Finally, there’s the reality that Apple rejects some apps and categories of apps that consumers want. I don’t consider it anti-consumer for Apple to exclude these kinds of apps from the App Store. Best Buy and Gamestop aren’t required to sell any app or game that wants to be there. But it is anti-consumer to not let developers give or sell these apps directly to customers. Gruber has a good analysis of Apple’s position regarding third-party distribution, namely that Apple decided the DMA’s use of “or” is exclusive when it says gatekeepers must allow installations from third-party developers “or” third-party marketplaces. Apple decided this meant it could limit sideloading to third-party marketplaces, i.e. alternative app stores and not have to allow developers to directly sell or give away apps to consumers. Apple requires anyone who wants to create a third-party marketplace to 1) be a company and 2) post a letter of credit for €1M. Even for free apps, you’d have to pay Apple for installs over 1 million per year. It’s hard to imagine a marketplace of free emulators existing if it has to fulfill those requirements. This is Apple saying it is not giving consumers the ability to add any apps they want, but Apple will give developers the opportunity to sell apps differently, if there’s money in it for Apple.

Governments around the world can craft regulations that give consumers more choice, but they haven’t done that here. While I have sympathy for a small business developer who needs another 20% in revenue and has no other way to get it than from Apple’s 30% cut, I’m not sympathetic to Spotify, Meta, or any of the big gaming companies. I’m not especially sympathetic to Apple, and if Apple wanted to help its customers, it would start taking steps to curb how financially addictive its platforms’ games are.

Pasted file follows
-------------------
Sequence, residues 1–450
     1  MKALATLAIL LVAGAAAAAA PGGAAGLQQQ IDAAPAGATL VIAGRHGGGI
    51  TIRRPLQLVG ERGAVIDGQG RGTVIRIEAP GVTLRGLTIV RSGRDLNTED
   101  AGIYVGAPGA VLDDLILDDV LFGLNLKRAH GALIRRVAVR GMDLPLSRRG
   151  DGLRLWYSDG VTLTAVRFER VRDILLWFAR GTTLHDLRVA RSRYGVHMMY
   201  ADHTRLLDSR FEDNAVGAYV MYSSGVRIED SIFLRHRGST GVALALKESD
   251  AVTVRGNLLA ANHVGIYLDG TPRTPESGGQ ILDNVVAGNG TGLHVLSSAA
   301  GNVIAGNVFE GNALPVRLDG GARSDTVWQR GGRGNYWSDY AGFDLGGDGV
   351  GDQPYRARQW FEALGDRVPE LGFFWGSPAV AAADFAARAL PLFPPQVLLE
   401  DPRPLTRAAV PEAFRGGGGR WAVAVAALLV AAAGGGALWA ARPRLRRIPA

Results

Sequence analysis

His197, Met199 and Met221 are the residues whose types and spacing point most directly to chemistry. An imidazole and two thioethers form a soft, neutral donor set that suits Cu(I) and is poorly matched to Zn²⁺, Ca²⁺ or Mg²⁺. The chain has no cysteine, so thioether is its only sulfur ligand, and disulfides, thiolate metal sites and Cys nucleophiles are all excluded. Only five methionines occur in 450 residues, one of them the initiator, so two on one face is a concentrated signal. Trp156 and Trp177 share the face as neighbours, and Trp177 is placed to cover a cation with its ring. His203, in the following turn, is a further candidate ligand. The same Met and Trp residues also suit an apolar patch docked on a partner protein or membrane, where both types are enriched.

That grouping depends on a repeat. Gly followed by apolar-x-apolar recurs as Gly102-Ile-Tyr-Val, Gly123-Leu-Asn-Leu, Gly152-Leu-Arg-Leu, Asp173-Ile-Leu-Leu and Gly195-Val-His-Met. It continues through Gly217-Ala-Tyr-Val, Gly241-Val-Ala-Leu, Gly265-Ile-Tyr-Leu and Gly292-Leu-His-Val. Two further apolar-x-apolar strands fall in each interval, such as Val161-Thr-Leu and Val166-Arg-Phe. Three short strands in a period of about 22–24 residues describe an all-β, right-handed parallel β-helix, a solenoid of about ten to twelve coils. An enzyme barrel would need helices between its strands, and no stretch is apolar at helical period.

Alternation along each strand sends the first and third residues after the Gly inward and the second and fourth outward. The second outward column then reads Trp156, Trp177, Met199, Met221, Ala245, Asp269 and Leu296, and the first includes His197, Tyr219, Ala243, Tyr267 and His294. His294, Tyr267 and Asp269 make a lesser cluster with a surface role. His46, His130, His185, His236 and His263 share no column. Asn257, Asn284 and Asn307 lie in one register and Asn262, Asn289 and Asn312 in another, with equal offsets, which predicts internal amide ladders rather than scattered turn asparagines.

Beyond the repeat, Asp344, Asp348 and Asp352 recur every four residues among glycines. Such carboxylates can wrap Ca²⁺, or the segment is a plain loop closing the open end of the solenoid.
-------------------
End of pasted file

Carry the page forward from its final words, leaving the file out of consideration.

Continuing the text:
All I want is for Apple to offer a developer account to anyone who wanted to distribute free, non-revenue-generating apps outside the App Store and a way for Apple’s customers to download those apps directly from developers.

  1. It’s noteworthy that none of these regulations is designed to primarily benefit phone owners, the consumers of these digital purchases. ↩︎

  2. and the sort of apps Apple prohibits from being in the App Store, such as pornography, emulators and virtualizers, crypto mining apps, etc. ↩︎

  3. Depending on the kind of app or digital good a developer is selling, whether it is in the Small Business Program, or whether the transaction is recurring subscription revenue, Apple is charging developers 3% in payment processing fees, as well as 12-27% in platform fees, which is essentially Apple’s profit margin from the transaction. ↩︎

  4. See e.g. Six Colors 2023 Report Card ↩︎

  5. Apple purported made $64B in revenue from the App Store in 2020. The company made $104B in profit in 2020. Assuming Apple keeps roughly 27% of App Store revenue as profit, that means Apple made $17.28B in profit from the App Store in 2020 and $12B of that profit is from games on the App Store. App Store profit counted for 16.6% of Apple’s 2020 profits, and gaming purchases alone counted for 11.5% of Apple’s 2020 profits. ↩︎

  6. There is a valid argument to be making regarding subscription and digital services purchases from companies like Spotify and Meta, but I am not discussing it here because Apple is not currently capturing significant revenue from those companies. ↩︎

  7. Sadly, between the ways these regulations have been written, and the way Apple is choosing to implement required changes, there will likely be no change in this area that benefits consumers. ↩︎